One of the core pillars of our community is learning, PicsArt is a place where you can stumble on new ideas, tips and techniques. The chief disseminators of wisdom in our community are the pros who have lent us their experience and insight, putting down their cameras to take time and open our eyes through their written words.
These are the 10 best photography features, written by pros to speed up our learning curves with tips, tricks, anecdotes and ideas. Reading them all right here and right now qualifies you for a university degree in photography.
Special thanks to Chris Corradino, Lou Jones, and Eric Kim for your awesome contributions to our community.A
Lately one topic of interest has been ethics for me. I have been reading a lot of philosophy, and Aristotle’s “Ethics” has been a great guide in terms of how to live my life.
While walking the streets of New York, I turn my camera towards anything that seems interesting. Over time, a common theme started to appear, humor.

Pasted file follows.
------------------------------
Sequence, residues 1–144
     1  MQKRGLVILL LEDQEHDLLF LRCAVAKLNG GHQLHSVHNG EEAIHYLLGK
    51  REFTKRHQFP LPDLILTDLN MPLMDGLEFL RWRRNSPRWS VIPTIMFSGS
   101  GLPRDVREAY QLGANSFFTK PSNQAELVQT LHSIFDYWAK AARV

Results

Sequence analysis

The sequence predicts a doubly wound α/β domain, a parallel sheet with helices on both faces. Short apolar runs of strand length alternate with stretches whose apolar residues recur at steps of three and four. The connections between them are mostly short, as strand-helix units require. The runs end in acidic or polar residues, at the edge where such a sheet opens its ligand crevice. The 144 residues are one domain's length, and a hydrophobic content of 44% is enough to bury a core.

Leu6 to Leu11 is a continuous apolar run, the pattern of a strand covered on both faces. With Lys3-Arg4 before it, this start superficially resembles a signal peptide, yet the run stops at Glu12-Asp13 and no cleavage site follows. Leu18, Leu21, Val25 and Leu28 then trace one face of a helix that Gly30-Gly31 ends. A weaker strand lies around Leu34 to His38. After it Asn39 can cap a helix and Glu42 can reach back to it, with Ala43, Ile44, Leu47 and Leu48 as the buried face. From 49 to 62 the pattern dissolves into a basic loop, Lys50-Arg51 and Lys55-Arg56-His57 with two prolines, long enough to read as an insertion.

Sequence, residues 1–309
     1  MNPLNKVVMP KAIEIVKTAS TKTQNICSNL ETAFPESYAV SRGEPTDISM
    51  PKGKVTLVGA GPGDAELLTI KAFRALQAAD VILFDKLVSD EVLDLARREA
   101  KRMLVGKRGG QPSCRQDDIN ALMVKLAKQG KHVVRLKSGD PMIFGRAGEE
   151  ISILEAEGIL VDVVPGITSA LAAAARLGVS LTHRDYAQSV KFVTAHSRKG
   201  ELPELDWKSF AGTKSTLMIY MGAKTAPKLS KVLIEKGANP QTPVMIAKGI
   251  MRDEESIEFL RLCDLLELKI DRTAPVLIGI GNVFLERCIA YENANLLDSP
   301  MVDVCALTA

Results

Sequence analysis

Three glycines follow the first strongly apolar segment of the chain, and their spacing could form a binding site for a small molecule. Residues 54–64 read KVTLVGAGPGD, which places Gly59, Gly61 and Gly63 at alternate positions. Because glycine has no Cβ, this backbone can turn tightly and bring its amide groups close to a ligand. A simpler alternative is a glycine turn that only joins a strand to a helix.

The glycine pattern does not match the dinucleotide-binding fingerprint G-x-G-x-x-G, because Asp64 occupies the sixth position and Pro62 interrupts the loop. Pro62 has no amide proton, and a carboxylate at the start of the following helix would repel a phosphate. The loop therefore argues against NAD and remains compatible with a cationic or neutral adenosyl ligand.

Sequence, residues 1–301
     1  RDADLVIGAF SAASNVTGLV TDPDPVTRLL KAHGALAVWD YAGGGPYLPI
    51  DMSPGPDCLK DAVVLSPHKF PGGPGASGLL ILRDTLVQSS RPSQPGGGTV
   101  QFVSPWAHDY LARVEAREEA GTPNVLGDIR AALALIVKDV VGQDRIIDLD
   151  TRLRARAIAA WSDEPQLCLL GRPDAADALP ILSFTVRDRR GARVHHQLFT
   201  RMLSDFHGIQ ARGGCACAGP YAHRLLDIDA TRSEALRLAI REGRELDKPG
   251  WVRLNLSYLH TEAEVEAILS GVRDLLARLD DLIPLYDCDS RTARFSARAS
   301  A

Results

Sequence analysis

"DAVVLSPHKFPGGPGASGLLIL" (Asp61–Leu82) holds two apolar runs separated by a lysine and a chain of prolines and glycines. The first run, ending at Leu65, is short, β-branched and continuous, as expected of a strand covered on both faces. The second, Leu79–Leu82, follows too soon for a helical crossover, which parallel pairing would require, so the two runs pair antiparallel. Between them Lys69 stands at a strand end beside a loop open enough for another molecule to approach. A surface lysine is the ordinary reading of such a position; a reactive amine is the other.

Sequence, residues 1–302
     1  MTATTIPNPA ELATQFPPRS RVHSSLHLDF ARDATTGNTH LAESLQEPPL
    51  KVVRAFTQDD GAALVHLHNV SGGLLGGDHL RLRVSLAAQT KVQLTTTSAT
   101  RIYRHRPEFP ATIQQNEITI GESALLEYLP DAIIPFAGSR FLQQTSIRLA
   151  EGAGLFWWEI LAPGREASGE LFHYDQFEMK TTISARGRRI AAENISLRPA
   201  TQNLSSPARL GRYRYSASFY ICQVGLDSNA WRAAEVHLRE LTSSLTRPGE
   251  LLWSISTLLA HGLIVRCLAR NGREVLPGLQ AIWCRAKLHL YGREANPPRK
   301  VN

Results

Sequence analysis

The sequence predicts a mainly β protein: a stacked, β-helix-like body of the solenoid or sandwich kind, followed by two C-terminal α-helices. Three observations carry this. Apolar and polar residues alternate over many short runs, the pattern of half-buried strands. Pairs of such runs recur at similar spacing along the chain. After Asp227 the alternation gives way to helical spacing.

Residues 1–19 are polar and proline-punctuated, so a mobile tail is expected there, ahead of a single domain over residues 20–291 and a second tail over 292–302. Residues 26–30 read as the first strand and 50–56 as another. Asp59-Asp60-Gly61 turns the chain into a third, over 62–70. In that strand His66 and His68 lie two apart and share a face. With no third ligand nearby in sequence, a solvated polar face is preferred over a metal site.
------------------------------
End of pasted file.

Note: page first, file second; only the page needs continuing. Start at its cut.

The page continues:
As the prolific critic, Susan Sontag stated, “While there appears to be nothing that photography can’t devour, whatever can’t be photographed becomes less important.”
Whether you’re packing up the car or heading to an airport, summer is an ideal time to explore new places with your camera.
In my last tutorial I revealed how to freeze life with fast shutter speeds. Today, we’ll focus on how a long exposure can be used for creative effects.
Famous portrait photographer Yousuf Karsh once quipped, “Look and think before opening the shutter.
Creating a beautiful image of an elusive creature is an exciting challenge for all nature photographers.
I am often asked: What is the most important factor for producing better photographs? There are multiple theories: talent, expensive equipment, Photoshop, “getting closer”, but my pat answer is access.
The direction of natural light can dramatically alter the way an entire scene is represented. A resourceful photographer will use this to their advantage.
Can you see the world in black and white? Look at the scene in front of you and try to imagine it without color.